Throughout the first season Chandler wrestles with the family secret that has put present events in motion, and with the powder keg of family emotions and interactions that dealing with older brother Danny creates. In the second season, Chandler’s character struggles with whether he can hold onto his morality and sanity—and hold the family together—in the face of one horrifically terrible second secret that threatens to drive them all apart. “Bloodline” exposes the cumulative effect of hidden secrets, the energy and the lies it takes to cover them up, and the explosive result when they are revealed too late.
John Bradshaw was, years ago, one of the first counseling professionals to write and publish broadly about how shame stokes secrets and how secrets destroy families. According to Bradshaw, shame is at the core of our compulsions and addictions, and keeping it secret disintegrates our family life.
In individuals it begins with denial, in families it is perpetuated through silence, and in political administrations it evolves into cover-ups. From the family down the street to Watergate to Barry Bonds to Hillary Clinton and Benghazi and the email scandals, keeping silent is the most damaging aspect of a secret. It is hardly ever the act itself, because we all have the potential of making egregious mistakes. It’s the cover-up that perpetuates the act, making it toxic. That is what brings us down.
The Need for a Blood Transfusion
The problem with examining on film how silence, secrets, and cover-ups in families turn children into accomplices who will do anything to keep the secret is that moral disintegration risks either turning the central character into a rogue or a statue of stone who can’t deal with what the secret has done to him.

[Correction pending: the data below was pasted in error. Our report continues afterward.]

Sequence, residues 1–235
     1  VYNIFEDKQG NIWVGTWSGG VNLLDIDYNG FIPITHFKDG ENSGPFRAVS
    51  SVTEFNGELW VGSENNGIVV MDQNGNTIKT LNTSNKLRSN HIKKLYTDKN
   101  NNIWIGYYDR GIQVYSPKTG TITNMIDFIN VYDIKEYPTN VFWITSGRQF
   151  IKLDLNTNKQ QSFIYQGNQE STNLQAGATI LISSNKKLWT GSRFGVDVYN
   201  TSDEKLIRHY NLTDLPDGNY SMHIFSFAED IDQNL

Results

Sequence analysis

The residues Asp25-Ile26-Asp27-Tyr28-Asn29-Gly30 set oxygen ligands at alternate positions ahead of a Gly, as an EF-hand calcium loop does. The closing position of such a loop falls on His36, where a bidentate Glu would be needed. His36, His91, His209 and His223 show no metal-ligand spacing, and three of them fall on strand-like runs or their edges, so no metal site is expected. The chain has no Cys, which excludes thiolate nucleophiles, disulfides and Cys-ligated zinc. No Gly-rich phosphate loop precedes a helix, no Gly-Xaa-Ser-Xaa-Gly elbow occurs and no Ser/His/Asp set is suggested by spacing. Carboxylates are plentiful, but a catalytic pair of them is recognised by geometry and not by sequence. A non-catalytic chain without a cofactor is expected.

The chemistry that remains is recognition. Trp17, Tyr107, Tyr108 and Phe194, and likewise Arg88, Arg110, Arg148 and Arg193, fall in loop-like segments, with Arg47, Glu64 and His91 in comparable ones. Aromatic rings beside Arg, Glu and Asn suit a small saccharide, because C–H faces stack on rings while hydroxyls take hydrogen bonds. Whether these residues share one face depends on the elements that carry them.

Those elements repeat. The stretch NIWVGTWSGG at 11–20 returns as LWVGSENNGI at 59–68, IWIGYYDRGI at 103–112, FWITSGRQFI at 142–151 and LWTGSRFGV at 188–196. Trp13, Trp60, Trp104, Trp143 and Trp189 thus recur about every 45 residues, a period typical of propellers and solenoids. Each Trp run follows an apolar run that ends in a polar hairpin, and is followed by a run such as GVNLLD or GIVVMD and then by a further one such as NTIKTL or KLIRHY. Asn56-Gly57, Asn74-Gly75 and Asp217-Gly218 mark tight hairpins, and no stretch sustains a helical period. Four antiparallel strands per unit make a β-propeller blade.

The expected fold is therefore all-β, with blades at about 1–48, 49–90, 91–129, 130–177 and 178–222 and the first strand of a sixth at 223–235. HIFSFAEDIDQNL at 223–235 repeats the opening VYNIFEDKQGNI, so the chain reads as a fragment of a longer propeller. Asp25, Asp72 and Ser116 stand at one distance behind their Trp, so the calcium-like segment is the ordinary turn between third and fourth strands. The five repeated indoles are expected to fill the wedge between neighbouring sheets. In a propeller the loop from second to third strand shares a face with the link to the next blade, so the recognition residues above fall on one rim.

As we watch Chandler’s John Rayburn, parts of season two make it seem he has become a little of both. It becomes a little painful and frustrating to watch. Once a character loses his moral center or initiative, he risks losing audience support—and John loses his balance on that tightrope for too long.
According to Lajos Egri in his classic, “The Art of Dramatic Writing,” a great protagonist is primed and ready to take action and in that action creates conflict. A great antagonist is caught up in a unity of opposites: not someone who wants what the protagonist has, but someone who has to have what he has. And he’s willing to give his life to get it. The first season got this, while the second season forgets it.
Because of that, “Bloodline” suffers from blood loss, and the drama, although still involving and insightful, now needs a transfusion to reemerge as a dynamic drama for a third season. “Bloodline” needs to rediscover its secret, but regardless it still reminds us that that we are all linked indiscriminately to past generations.